Five tips for employees adjusting to millennial managers

It’s not a new flash that millennials surpassed Generation X as the largest generation of active workers in the U.S. workforce. But for the first time, millennials are aging and rapidly moving into leadership roles: 1 in 3 workers are millennials and 91 percent aspire to leadership positions.

Yet, today’s average retirement age is creeping up to 62 years old and the number of Americans at least 55 years old who were active in the labor force almost doubled in the last 10 years (a number expected to grow nearly 20 percent over the next 10 years).

Millennials have drastically different expectations for the workplace than Baby Boomers, and even Gen Xers — generations used to working as individuals in large corporations with traditional hierarchies. Flat management structures and team-based jobs are becoming the norm instead of management hierarchies or success hyper-focused on a powerful individual. And now, more than ever, it is critical employees adapt to different management styles to stay engaged and overcome challenges related to a multigenerational workforce.

Here are five ways employees can adapt to millennial manager-led workplace and capitalize on the opportunities of working with a multigenerational team:

  1. Define your needs. Millennials tend to want to continuously develop and strive for promotions and millennial-aged managers might think that’s what most employees want. Be transparent and openly communicate what your career goals are with millennial-aged managers to ensure your success as an employee — no matter what age you are. All employees have different desires, wants and needs. It is important managers understand individual’s needs so they can place that employee’s desired development goals as a priority. 
  1. Embrace empowerment. Millennials want to be managers that empower employees to actively contribute to work streams. As managers, they want to be good listeners and will seek out ideas from employees — don’t be afraid to speak up and share your ideas. millennial-aged managers are willing to try new things, challenge processes, think differently about a situation, tend to be very supportive and will likely be more encouraging. 
  1. Align personal priorities with team goals. Sometimes millennial-aged managers feel the team has as much influence as any management. Employees working in this environment should respect the team, get comfortable working with the team and focus on being an integral part of the team instead of promoting individual successes over the teams’ combined efforts. Newer managers will respect you for what you bring to a team and in turn invest in your individual talent and lead you the way you need to be led.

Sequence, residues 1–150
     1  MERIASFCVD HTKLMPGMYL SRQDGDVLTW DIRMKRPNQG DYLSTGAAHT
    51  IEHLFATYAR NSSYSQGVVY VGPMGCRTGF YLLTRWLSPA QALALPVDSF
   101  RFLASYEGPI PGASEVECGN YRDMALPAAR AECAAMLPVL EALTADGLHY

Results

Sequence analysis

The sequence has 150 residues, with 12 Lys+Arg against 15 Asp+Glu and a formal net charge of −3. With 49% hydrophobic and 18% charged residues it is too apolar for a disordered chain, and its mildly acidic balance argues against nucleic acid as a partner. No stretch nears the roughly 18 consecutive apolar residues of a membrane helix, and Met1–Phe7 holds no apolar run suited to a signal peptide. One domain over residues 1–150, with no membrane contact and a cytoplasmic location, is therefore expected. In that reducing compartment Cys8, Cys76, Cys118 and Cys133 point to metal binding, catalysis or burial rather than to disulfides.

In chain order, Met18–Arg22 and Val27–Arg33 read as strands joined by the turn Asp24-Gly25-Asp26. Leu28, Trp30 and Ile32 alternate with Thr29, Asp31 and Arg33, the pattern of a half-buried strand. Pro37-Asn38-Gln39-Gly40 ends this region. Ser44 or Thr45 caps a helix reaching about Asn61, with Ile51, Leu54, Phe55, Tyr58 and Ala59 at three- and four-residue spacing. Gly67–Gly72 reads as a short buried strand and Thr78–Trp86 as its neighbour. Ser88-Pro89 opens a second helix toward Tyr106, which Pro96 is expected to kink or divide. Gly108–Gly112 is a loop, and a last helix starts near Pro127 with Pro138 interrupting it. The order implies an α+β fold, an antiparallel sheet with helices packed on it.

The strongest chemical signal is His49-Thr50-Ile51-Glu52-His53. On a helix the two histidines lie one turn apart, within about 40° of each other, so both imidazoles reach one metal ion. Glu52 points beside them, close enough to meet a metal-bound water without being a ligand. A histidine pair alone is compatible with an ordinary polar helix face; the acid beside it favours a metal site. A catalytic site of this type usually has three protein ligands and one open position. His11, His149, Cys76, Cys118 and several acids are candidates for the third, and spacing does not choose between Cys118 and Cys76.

1. Be conversational. Compared to previous leadership generations, millennial managers might expect more frequent conversations and open dialogue between employees. Be prepared for real-time conversational feedback, with questions. For example, millennials are likely to question management decisions and take the same approach to providing feedback to an employee. This is not out of disrespect, or an assertion of their power — it’s coming from a place of learning and understanding. Don’t take it personally or be defensive. The best response is to just have a conversation. Most of the time millennials just want more information.
  1. Find balance. Millennial managers are more relationship-focused and expect employees to be engaged outside of the office; they also respect family and personal time. It’s important employees find their own balance and understand when to be engaged, but not feel obligated to attend every happy hour, or work flexible hours. For example, just because a millennial manager works flexible hours and emails you after hours doesn’t mean they need a response right away and you shouldn’t feel obligated to; responding the next day is totally acceptable.

Jaqueline Breslin has more than 20 years’ experience in HR and has consulted with thousands of SMBs throughout her career. She works directly with TriNet’s small business entrepreneurs and customers daily. She has experience implementing and managing HR programs to include policy development, learning and development plans, benefits, recruitment, employee retention, and coaching. For information, visit